- Your doctor may move on to a bone scan or MRI. With a bone scan, she will first inject a substance known as a tracer into your blood. This substance is radioactive and helps the doctor see the fracture when the bone is scanned.However, sometimes other injuries appear the same as a fracture with this type of scan.
- With an MRI, magnets are used to produce an image of your bone. You won't be exposed to any kind of radiation with this scan, and it generally produces a good image of the injury.
Ask about limb support.Sometimes, you can get away without wearing a cast, splint, or walking boot with a stress fracture. Nonetheless, having support on the fractured bone can help ease the pain.
- Sometimes, in place of a walking cast, your doctor may have you were a stiff-soled shoe or sandal.On your shoulder, you might wear a sling.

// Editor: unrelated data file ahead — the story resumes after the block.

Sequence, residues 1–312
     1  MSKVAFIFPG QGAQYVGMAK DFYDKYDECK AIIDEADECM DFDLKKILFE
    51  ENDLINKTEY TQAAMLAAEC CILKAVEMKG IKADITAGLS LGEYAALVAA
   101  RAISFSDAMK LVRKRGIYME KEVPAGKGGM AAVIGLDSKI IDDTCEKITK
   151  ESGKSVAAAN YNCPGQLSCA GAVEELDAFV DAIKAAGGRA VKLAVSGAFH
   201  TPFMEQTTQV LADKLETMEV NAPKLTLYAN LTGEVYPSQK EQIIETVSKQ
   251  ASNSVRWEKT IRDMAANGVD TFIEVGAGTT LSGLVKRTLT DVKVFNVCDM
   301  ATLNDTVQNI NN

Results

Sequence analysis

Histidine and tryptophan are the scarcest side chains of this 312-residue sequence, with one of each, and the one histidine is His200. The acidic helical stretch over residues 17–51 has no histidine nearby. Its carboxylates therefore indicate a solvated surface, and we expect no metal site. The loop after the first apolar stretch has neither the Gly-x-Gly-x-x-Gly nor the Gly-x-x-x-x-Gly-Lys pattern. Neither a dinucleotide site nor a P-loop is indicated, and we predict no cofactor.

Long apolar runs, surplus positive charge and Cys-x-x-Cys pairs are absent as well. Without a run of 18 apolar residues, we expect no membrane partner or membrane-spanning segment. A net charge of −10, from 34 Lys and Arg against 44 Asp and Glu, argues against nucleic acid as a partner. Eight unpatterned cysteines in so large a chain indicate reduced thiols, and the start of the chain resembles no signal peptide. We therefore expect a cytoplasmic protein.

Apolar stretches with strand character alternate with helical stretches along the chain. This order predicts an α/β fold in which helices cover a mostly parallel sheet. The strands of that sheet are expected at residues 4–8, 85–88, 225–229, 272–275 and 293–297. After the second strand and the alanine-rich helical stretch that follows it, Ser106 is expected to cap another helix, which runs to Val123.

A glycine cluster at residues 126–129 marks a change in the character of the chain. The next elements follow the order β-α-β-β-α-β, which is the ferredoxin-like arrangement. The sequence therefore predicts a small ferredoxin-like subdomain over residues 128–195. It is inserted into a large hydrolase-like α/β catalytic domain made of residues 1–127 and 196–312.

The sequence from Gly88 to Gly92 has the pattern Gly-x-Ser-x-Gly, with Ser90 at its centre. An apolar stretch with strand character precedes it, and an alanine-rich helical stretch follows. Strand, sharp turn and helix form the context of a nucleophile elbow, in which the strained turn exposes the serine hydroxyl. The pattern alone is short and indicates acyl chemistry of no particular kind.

Talk about crutches.You may need crutches, as they take the weight off your foot completely. Not putting weight on your foot can reduce the pain. Your doctor will be able to tell you whether they are a good solution for you.
Ask about a prescription.If your pain is severe, your doctor may write you a prescription for pain medication. However, she may ask you to rely on over-the-counter medications.
QuestionHow do I tape 2 metatarsal stress fractures for walking?Susan AllisonCommunity AnswerPlace the tape between the toes on either side, so that you can tape them together.Thanks!
QuestionWhat is wrong if I have pain behind the pad of my right toe that goes up into my arch on the bottom of my foot?Susan AllisonCommunity AnswerYou have probably pulled a muscle or ligament in your foot.Thanks!